U-Va. Chief Apologizes for Halftime Show
University of Virginia President John T. Casteen III apologized yesterday for a Continental Tire Bowl halftime performance by the school's pep band that mocked West Virginia's rural image.
Casteen said in a statement that the halftime show, in which West Virginians were depicted wearing overalls and pigtails, "crossed the line between humor and the ridicule that the [Atlantic Coast Conference, the National Collegiate Athletic Association] and simple decency proscribe."
"We respect our colleagues at West Virginia University and also West Virginians generally," Casteen said.
Casteen said he had not seen the halftime show and has been unable to obtain a videotape.
The skit, approved by U-Va. and bowl officials before the game, was a parody of the television show "The Bachelor," with a male Virginia student choosing between two female contestants.
One female, purportedly from West Virginia, had blue overalls, pigtails, a talent for square dancing and a dream to move to Beverly Hills, Calif. -- a reference to "The Beverly Hillbillies."
The performance prompted West Virginia Gov. Robert E. Wise Jr. to demand an apology from Casteen. Wise said in a letter that "this type of performance merely perpetuates the unfounded stereotypes that we in West Virginia are fighting so hard to overcome."
Liquor Stores to Open an Hour Later
Virginia Department of Alcoholic Beverage Control stores will open an hour later because of cuts in the state budget, agency officials said yesterday. The changes take effect immediately.
ABC officials said that by opening stores at 11 a.m. instead of 10 a.m., the state will save $175,000 for the remainder of fiscal 2003 and $325,000 in fiscal 2004, which begins in July. The changes, which will not alter closing times, were originally announced in November, but officials said they delayed making a reminder announcement until yesterday to avoid confusing holiday shoppers.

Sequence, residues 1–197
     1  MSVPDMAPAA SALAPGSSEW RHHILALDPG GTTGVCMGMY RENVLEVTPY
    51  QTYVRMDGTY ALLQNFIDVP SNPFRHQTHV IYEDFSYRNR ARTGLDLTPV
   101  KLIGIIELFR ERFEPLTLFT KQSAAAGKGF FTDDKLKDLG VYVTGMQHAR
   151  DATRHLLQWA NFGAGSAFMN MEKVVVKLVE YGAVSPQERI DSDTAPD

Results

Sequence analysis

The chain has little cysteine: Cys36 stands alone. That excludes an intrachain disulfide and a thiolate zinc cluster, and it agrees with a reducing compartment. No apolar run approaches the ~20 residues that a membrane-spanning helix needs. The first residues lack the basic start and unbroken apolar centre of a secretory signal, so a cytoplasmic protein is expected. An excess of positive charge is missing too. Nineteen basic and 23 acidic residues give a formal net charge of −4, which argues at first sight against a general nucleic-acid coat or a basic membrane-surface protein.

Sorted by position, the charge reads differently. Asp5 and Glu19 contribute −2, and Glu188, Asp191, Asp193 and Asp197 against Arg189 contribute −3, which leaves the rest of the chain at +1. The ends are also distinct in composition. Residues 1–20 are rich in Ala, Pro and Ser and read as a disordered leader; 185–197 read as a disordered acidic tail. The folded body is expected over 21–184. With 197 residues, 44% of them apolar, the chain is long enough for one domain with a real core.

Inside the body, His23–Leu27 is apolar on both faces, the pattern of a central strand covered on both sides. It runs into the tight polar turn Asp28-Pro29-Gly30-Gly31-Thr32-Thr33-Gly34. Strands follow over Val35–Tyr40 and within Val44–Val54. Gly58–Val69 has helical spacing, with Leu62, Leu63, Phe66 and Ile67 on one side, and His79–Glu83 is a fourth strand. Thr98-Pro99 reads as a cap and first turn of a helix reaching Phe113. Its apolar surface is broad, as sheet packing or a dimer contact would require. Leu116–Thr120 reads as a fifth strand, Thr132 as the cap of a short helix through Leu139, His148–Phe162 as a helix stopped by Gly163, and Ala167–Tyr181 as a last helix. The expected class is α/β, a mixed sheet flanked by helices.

The reductions in store hours will help the state chip away at its $1.2 billion budget shortfall, officials said. The changes will affect all but three of the 265 ABC stores across the state. An Arlington store and a Vienna store will retain their hours of 8 a.m. to 5 p.m. because the two outlets generally sell to commercial businesses, officials said.
Visitation Allowed in Switched-Baby Case
The Virginia Court of Appeals has reversed a lower court ruling that curtailed a Buena Vista man's right to visit one of two children who were switched at birth by a hospital's mistake.
Carlton Conley had appealed the ruling in May by a Stafford County Circuit Court judge that eliminated his right to unaccompanied visits with the child, who was wrongly given to him and Paula K. Johnson by the University of Virginia Hospital in 1995.
The Circuit Court judge had ruled that Conley's marriage to another woman in April and relocation to Buena Vista represented a change in circumstances that nullified a previous order granting him visitation rights. Under the May ruling, Conley was allowed to visit the child only in the company of her biological parents' family members.